Date Tags Python

Hello! Well, this is my first techy blog. I've been in IT for more years than I care to remember, and I've never felt the need to write blog about it. A couple of decades covering C, C++, FoxPro (remember that??) and then Java. I've dabbled in a few small open-source contributions, but I've never felt the urge to blog about this.

So what changed?

Well, I discovered Python.

Actually that's not strictly true; I've been aware of Python for about four or five years, but as soon as I discovered that block structures were defined by indentation, I ran, leaving a me-shaped hole in the wall.

And so me and Python and kept apart, eyeing each other over the fence. A few more years, a few more languages (Ruby and Scala), and few more frameworks (Spring, Rails, Grails, Play).

I'm not saying that all of this soft tech wasn't great, but I was getting jaded. I longed for simplicity and clarity. And when you hear of simplicity and clarity, then in the next sentence you usually hear Python.

So I gave it another go; a real project this time, not just a bit of dabbling; I had a go at a real project: an Alfred workflow written in Python. After about an hour of reading and three hours programming, I realised something:

Indentations aren't weird

They actually make a lot of sense. Superfluous elements such as {} and IF . . . ENDIF are removed from your code, revealing just the structure. After working with Python for just a few minutes, semantic indents became a lot more familiar and much easier to read.

if output.startswith("Invalid"):
    wf.add_item(title=". . .", subtitle=output, valid=False, arg=args[0], icon=ICON_ERROR)
    wf.add_item(title=output, subtitle="Copy to clipboard", valid=True, arg=output)

The indentation has to be consistent; if you indent by 4 spaces then all your indentation has to be based on 4 spaces (which kind of makes sense. Why would you suddenly start indenting with 3 spaces halfway through the file?). I'll admit it was a pain at first, but as I said, this was only for the first few minutes. Afterwards, I became obessessed with neatness. If the code made the indentation sink to the right side of the page, I thought 'Python! Pffft!', and then I thought '. . . or maybe I should break this down into functions to make it neater.'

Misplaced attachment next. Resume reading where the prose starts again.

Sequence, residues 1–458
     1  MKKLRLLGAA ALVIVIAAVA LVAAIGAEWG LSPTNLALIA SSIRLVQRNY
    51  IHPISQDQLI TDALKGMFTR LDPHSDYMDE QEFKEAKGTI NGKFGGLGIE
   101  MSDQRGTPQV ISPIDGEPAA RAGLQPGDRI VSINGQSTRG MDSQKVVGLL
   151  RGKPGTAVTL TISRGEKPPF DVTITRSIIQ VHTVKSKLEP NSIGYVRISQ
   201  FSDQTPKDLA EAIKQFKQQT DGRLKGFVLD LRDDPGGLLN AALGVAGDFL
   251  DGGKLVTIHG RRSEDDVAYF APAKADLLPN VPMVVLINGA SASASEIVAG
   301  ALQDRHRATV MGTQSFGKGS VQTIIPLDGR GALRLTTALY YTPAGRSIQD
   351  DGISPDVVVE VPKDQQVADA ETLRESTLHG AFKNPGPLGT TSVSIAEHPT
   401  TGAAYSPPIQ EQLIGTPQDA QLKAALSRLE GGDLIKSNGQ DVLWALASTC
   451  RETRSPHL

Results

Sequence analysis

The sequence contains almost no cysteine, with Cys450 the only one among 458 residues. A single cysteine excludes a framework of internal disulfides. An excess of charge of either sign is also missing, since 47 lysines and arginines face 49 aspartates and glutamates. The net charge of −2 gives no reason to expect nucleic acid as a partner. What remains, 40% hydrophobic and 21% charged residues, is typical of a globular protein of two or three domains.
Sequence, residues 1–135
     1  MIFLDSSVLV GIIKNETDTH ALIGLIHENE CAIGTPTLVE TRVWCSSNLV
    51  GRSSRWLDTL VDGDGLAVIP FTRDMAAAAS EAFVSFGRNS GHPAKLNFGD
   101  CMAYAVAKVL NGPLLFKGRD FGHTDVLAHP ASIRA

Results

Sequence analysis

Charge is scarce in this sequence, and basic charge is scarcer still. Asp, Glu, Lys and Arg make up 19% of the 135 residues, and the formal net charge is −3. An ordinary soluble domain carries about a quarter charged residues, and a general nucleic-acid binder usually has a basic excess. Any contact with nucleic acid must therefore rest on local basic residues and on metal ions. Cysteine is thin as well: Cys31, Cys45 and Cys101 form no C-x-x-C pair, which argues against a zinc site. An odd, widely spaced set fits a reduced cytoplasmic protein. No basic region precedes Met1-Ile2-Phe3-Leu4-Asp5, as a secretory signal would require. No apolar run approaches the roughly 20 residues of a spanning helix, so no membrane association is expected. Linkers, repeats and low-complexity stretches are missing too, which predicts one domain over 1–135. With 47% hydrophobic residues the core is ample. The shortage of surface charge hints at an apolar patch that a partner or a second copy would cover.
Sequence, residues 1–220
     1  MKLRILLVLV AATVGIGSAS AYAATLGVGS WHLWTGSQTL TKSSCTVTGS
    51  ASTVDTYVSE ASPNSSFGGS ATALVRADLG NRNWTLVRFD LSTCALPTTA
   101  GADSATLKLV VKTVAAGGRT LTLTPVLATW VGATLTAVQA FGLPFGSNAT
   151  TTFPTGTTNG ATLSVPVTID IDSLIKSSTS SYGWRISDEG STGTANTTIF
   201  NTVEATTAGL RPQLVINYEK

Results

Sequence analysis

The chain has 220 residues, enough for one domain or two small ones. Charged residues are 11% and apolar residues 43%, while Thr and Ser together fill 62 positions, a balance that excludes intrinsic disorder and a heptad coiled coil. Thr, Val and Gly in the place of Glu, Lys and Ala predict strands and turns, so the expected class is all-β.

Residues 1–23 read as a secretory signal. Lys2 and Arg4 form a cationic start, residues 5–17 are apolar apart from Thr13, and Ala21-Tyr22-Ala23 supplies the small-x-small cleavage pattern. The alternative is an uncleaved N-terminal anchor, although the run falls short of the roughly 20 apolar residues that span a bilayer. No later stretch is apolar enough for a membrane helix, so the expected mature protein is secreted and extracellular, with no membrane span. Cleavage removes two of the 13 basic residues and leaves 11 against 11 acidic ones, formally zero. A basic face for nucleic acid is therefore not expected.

Python is a better teaching language than Java

There, I said it. And look, the sky hasn't fallen. Sorry, but it's true. Java is great for teaching object-oriented fundamentals, but before a programming student reaches that, he has to understand good practices in structure and abstraction. This is where Python excels because the semantic indentation forces good structure. Why? Simply because your code will look damn ugly otherwise.

The free stuff is amazing

Yes, more libraries than you can shake a stick at, and all the free. As many as Java? I dunno, maybe. I'm just going to call out one or two of my favourites:

  • pyPeg – The best way to parse complex stuff coming in from a file or the command line

  • DateUtil – Python's standard date-handling framework is awesome enough. Adding the DateUtil framework handling any kind of date problem ridiculously easy. I mean, how many frameworks bother to tell when Easter's coming around.

And so is the online community

To be honest, I've never come across a geek pool I didn't like, but the folk who know Python really know Python, and the they're always ready to help with the dumbest questions (of which I had plenty!)


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